The Absence of a world class spinner in the squad is camoflaged well with the likes of Merwe and an underrated Duminy (his bowling action is pretty classical, helps him float the ball well). With  options such as Morkel, Parnell, Steyn Ntini, Kallis  in the speed department, that part is well cover. However, the glaring weakness will still be variety. Only time will tell if the opposition teams strategize smartly enough to sort the bowlers out.

Keep and Eye on:  Kallis
AB and Morkel would be the obvious choices, and thus not MTJAG’s style. We go with the “surely-you-must-retire-by-now” Mr. Kallis to chip in with usual performances with the bat and bowl throughout the tournament.

New Zealand:

McCullum (W), Ryder, Guptill, Taylor, Elliott, Oram, Broom, vettori (C), Butler, Patel, Bond, Tuffey, Hopkins, Diamanti

Batting: 6/10
When on form – NZ can take on the best in the world.  But that crappy old saying can even be applied to Bangladesh.

Here’s the deal: NZ in my opinion has a batting line up very similar to SL – with a little more ODI type explosion , but with a less experience and stability.   I see 3-4 animals in McCullum, Ryder, Taylor, Oram, but very less stability (a la Sanga or a Jayawardene). Thus, when on song, the whole team gets a bunch of 50s (see the india warm up game), but the question is if even 1-2 can rise to the occasion when the wickets fall over  faster than Pam Anderson’s panties.

What makes them so successful in the ODIs is the very nature of the format.  They need to have 2 good games, perhaps a bit of luck, and then it’s on from there.

Bowling: 6/10
I like the firepower and the mix, but I am not convinced if they have what it takes to bowl a good 40 odd overs convincingly.  Bond and Vettori are amongst the best in business without an iota of doubt. But what after that? Tuffs is steady on his day. But I am not convinced of Patel and the rest of the gang.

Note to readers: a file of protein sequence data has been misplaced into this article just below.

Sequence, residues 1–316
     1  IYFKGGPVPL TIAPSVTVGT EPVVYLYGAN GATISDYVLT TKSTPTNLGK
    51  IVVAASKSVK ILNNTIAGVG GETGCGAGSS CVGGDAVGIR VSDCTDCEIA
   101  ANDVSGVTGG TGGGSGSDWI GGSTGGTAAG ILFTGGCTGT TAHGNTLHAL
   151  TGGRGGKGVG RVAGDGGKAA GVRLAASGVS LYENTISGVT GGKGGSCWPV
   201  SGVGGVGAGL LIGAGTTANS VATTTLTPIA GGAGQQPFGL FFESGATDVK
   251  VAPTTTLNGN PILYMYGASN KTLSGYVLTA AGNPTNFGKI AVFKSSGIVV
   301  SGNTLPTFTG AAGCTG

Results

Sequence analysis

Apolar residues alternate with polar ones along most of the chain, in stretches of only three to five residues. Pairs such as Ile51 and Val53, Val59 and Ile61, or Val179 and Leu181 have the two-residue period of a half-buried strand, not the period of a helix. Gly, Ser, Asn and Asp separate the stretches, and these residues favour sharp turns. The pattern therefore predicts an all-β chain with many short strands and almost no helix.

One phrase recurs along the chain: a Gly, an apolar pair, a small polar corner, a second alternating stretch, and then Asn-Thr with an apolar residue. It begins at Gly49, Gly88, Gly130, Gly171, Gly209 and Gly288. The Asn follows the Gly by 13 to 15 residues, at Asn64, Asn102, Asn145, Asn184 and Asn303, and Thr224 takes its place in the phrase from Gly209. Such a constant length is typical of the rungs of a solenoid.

Keep an Eye on: Broom.
In Neil Broom , NZ has someone with the potential to be the next Taylor for them. He has the necessary shots and skill to provide good cameos when he comes on. If Ryder , Taylor etc do their job well, expect Broom to “sweep” you off the floor with  a neat little impetus at the end (eh eh – attempt at humor).

England

Strauss (C),Bopara, Broad, Flintoff, Collingwood,Onions, Sidebottom,Prior,Morgan, Owais Shah, Swann,Luke Wright,Adil Rashid,Bresnan, Anderson

Batting: 6/10
All said and done, porn star Peterson’s explosion puts a shitload of pressure on the rest of the 5 to perform. While Collingwood and Flintoff are proven commodities, Strauss is to testi for my liking, and Bopara , Shah and the rest are yet to put a string of good performannces together to scare anyone too much.  However, England’s biggest strength is the ability to get a 20-30 out of folks such as Broad and even Anderson, which gently nudges the score up.

Bowling: 5/10
Again, the bowling looks steady without being giving anyone sleepless nights.  Broad can be effective, but expensive on his day. Anderson and Sidebottom are steady. But what about the spinners? Rashid, if he gets a game,  will be under quite some duress  against the batsmen of other teams. Again, England will need contributions from their bits and pieces players to finish up their quota of overs .

Keep an Eye on : L. Wright
In the absence of Pieterson, England might look for another middle order bat to plan around. One of the contenders could be Luke Wright.   He has the ability both with the bat and bowl to mold himself into a poor man’s Flintoff, and that could be a little dangerous. I expect a quickfire 50, a good cameo of 30, and 3-4 wickets from him this time around. While he might not be the sole reason for any English victory, I think he’ll do just enough to garner a lot of English hope in future.

Next up, we’ll look at the teams from Group A.

Advertisements